Realistically the Cons are fairly minor, although someone getting a car delivered with poor paint and other quality control issues is not going to feel good about their Tesla experience as it gets started. But on balance, these cars are the best cars we've ever owned, and even the best cars either of us have ever driven, price no object. That includes many expensive sports sedans, Porsches, and even an occasional Ferrari. Indeed it has taken the Ferrari Italia 458 off my bucket list. Overall, great work Tesla! But Tesla cannot sit on their achievements and needs to keep improving in multiple areas. My impression is that they get this.
 

WilliamG

Active Member
Apr 20, 2019
3,977
5,248
Seattle, WA
It's hard to argue with your impressions. Some of the interior choices are peculiar at best:

1.) The center console travesty. I'm sorry, but cheap, piano-black plastic. Just, no. I'm so much happier after spending a little bit of time wrapping it.
2.) The white headliner. I mean, sure it's brighter than dark colors, but it's a dirt magnet, and easily projects the windshield stamping onto it.
3.) The top dash part. Terrified to clean it or wipe it down for fear of destroying it like some people here have done. Replacing it requires ripping the car apart, apparently, which is even more terrifying.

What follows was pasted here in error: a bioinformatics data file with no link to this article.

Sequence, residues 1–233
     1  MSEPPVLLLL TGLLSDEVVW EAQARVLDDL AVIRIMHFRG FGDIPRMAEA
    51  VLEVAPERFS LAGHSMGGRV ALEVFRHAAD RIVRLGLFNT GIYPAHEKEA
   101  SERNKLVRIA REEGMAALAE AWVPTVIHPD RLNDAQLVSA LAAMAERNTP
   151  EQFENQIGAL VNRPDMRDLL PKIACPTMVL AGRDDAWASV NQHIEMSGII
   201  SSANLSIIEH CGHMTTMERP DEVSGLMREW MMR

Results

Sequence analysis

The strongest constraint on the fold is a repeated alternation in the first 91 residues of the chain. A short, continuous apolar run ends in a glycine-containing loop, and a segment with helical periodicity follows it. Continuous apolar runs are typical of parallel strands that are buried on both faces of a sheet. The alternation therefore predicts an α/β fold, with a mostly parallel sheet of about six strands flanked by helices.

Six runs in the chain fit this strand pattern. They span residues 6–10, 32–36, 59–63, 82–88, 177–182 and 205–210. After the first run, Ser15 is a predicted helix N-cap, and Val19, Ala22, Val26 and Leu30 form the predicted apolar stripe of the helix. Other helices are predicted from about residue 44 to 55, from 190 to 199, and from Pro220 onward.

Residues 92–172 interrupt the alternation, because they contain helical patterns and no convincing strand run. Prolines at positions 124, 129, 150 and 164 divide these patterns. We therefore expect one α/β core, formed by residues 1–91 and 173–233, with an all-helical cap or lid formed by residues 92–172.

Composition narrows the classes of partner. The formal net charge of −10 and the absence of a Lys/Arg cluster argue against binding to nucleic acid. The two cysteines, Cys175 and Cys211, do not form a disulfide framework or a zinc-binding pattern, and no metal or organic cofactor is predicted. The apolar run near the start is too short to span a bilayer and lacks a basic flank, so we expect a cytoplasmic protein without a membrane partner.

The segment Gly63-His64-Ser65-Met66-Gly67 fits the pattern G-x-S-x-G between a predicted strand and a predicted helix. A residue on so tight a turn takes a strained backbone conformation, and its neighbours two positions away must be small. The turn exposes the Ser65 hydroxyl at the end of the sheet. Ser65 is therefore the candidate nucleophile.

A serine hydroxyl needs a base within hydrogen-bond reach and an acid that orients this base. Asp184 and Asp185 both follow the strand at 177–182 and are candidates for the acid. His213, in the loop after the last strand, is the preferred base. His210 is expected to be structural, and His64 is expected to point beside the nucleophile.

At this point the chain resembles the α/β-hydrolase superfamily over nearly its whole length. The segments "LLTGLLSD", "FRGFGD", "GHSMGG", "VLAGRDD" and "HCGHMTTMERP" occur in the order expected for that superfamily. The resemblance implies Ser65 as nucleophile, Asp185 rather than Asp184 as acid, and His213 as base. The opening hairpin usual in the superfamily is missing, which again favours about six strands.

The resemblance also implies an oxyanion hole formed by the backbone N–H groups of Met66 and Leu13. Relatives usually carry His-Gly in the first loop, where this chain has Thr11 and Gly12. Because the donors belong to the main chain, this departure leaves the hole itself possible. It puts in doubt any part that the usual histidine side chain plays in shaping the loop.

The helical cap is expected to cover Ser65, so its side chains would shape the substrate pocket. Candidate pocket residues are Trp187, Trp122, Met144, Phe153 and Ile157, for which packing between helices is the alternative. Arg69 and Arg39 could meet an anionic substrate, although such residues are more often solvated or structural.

4.) Glove compartment is a scratch magnet, and not easily fixed, either. Never seen soft touch materials get scuffed and not be able to be wiped down easily.
5.) The door materials aren't great, either, and get torn pretty easily if you're not careful with a shoe etc.

And then exterior:

1.) The paint quality itself isn't great. I'm not talking about it being thin, as I've no way of measuring that. I'm talking about the little nibs (eyelets) in the paint, slightly rough edges of things etc etc. It's just not up to VW/Audi/BMW standards in any way, shape or form.

But with that said, I share your sentiments, despite only having had my Performance 3 not quite three months. It's easily the best car I've ever driven, with the best infotainment system I've ever experienced - and the whole car, too, has killed my enthusiasm for any supercar out there. The only one I've any interest in now is the Roadster 2.0. Everything else is pfffffft. Even driving my neighbor's new M5 was underwhelming. Press accelerator, wait, wait some more - power. Snore. For the everyday road, nothing compares to a Performance 3. Sure, on the track there may be more involving cars. But I spend 99.9% of my time on regular roads, and the Performance 3, with its instant torque, quiet ride and fantastic sound system - is THE supercar for the road.
 

Msjulie

Active Member
Jun 26, 2016
2,439
1,748
Monterey Peninsula
Perhaps I shouldn't but I allow Tesla a lot of slack because for a company so young, they are really making an excellent product.

It's not perfect but there is literally no other American car I ever wanted ever and at this point, the only non-Tesla that's even interesting to me is more of a hobby car: a Porsche 356 replica so I could actually have it on the road vs locked in a garage (and I couldn't afford a real one anyway) - it would have to be a BEV though..